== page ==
7 Poetry Collections by Muslim Writers

The editors of "Halal If You Hear Me" recommend verse that celebrates the multiplicity of Islamic identity

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In her forward to Halal If You Hear Me, Safia Elhillo writes, “the poems and essays in this anthology are the Muslim community I didn’t know I was allowed to dream of. The Muslim community my child-self could have blossomed in–proof that there are as many ways to be Muslim as there are Muslims. That my way was one of those ways, was a way of being Muslim that did count.” Muslim women, queer, gender nonconforming and trans people don’t often have a lot of public space to have our approaches to Islam heard and acknowledged, to be counted in all of our nuanced selves.  

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So much of our philosophy around creating this book was the based in the desire to approach Muslimness as a site of freedom, as a place where we can all embrace who we are as we are, and to create a space that simultaneously celebrated our identities and experiences, while creating direct links for us to talk to each other. There are over 60 writers in this book who are writing fiercely, who are unapologetically themselves, who demand that the world embrace their full humanity.

Here are just a few writers who are doing that, in no particular order, who we are grateful for:

Seam by Tarfia Faizullah

This book taught me so much about history: how it never remains in the past, how it always continues to inform and influence the present. Tarfia takes a close look at the Birangona, which means “brave women” in Bengali and refers to the two hundred thousand women who were raped and tortured by the Pakistani army during the 1971 Liberation War. Threading their stories with her own, Tarfia examines what it means to be a child of history in these incredible poems.

To Keep from Undressing by Aisha Sharif

Aisha writes with such stunning lyrical bluntness that keeps me coming back for more. This book is expansive, and topics of family, sisterhood, Islamophobia and Blackness thread seamlessly throughout the poems. There’s so much form-play in this book, and one of my favorite sequences is the “If My Parents Hadn’t Converted: Questions and Answers,” a series of questions that are answered by a bouquet of poems.

Field Theories by Samiya Bashir

There are so many worlds occuring in the poems of Samiya Bashir! I am forever floored by how Samiya’s poems turn and turn and turn, leading us to new discoveries with each and every line. This collection is an unbelievable blend of science, mythology, and folklore.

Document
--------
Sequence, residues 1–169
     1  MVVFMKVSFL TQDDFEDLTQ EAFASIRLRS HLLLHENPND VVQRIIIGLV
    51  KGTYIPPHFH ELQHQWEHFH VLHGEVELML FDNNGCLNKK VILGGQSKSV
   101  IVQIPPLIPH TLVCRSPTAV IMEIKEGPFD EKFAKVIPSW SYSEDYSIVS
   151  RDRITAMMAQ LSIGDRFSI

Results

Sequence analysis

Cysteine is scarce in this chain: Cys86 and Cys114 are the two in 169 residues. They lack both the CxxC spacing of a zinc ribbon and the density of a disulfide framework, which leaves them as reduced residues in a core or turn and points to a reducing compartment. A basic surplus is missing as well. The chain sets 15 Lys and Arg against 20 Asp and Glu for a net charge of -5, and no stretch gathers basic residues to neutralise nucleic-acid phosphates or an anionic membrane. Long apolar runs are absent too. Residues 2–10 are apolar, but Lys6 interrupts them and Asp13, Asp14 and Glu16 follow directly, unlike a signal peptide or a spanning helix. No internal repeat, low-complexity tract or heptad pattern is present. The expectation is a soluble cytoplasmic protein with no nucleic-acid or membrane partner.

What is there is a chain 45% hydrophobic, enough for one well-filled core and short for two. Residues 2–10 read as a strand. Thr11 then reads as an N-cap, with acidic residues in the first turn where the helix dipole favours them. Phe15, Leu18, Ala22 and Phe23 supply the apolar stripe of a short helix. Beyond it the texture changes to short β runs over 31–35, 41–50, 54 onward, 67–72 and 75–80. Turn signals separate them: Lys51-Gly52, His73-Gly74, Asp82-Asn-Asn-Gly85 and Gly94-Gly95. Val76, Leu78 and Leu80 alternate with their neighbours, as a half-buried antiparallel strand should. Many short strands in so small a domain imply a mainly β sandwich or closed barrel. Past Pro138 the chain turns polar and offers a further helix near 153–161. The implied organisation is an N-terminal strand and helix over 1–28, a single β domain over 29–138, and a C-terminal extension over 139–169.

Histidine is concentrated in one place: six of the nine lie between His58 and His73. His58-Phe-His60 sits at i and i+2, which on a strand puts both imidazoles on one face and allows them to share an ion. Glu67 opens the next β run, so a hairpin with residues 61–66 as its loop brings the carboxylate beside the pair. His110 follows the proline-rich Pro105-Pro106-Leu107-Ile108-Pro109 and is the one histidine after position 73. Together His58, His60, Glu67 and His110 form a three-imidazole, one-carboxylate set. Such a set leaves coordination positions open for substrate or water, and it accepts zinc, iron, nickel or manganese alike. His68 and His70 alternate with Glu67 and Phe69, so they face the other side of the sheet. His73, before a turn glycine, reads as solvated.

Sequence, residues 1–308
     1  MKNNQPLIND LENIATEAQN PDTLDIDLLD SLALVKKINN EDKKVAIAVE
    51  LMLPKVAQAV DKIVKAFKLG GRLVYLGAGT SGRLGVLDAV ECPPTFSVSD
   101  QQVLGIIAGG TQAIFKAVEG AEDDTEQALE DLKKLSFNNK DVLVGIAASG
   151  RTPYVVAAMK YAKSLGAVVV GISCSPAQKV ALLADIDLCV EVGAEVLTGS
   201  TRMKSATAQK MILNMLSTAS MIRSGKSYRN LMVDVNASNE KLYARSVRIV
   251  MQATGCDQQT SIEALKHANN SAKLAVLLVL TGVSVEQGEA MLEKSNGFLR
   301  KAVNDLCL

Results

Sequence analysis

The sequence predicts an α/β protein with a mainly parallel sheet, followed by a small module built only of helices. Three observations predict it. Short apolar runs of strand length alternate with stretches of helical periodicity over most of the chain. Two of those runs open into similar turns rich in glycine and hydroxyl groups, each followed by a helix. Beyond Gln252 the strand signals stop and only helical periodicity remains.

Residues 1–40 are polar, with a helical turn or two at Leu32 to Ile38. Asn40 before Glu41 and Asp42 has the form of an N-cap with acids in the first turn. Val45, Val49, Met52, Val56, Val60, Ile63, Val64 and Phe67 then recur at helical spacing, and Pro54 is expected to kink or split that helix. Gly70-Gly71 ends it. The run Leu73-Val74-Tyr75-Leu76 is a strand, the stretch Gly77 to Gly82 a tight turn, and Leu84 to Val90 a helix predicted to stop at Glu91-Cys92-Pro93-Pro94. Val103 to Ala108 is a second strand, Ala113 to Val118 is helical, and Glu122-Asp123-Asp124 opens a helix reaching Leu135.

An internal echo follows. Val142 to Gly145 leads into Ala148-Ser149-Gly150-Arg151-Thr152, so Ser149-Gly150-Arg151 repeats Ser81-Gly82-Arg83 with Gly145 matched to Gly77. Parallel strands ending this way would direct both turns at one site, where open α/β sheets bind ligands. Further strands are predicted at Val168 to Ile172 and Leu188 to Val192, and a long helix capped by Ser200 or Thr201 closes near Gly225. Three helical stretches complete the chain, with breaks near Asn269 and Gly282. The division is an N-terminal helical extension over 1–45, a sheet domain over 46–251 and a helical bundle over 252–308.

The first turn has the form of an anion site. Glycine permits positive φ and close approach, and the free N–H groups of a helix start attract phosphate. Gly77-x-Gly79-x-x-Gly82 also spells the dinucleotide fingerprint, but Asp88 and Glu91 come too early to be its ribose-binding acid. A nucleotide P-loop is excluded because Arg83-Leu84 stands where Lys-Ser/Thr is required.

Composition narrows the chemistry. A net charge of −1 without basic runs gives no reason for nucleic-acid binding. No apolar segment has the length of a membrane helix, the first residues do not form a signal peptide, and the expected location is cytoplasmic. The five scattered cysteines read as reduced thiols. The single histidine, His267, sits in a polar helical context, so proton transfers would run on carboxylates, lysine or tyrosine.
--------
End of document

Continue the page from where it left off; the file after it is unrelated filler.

The Kitchen-Dweller’s Testimony by Ladan Osman

The way Ladan wields language, wields a word, makes language feel limitless. This is a collection of poems to reread forever—startling and elegant and, if you’ll forgive my use of this simplest of words, so damn interesting. Their humor, their teeth. I read these poems, I return to these poems, over and over, and feel my eyes clear.

The Twenty-Ninth Year by Hala Alyan

The Twenty-Ninth Year is a recent release but already a favorite of mine. This book, filled with the tenderest of geographies, with great intimacies and great ruptures, is cinematic and gripping. I first read it in one sitting, ravenous, then flipped over and started it again.

Invasive species by Marwa Helal

This book, its poet, their identities, all burst with multitudes, with their wealth of names. Genre, race, nationality, language—the single-word answer doesn’t do justice to the nuances of the story. Marwa builds here a new kind of world, a new way of looking at form, at genre, at America—unmaking the old, expanding its possibilities and dissolving its borders until it fits us.

I’m So Fine: A List of Famous Men & What I Had Onby Khadijah Queen

These vivid prose poems could almost be read at first as casual, breezily and concisely collecting stories of interactions with famous men—but right below the unruffled surface is a dark, haunting meditation on sexual violence, on the kinds of casual sexual violence that stay normalized. Funny, smart, sharp, and also terrifying.

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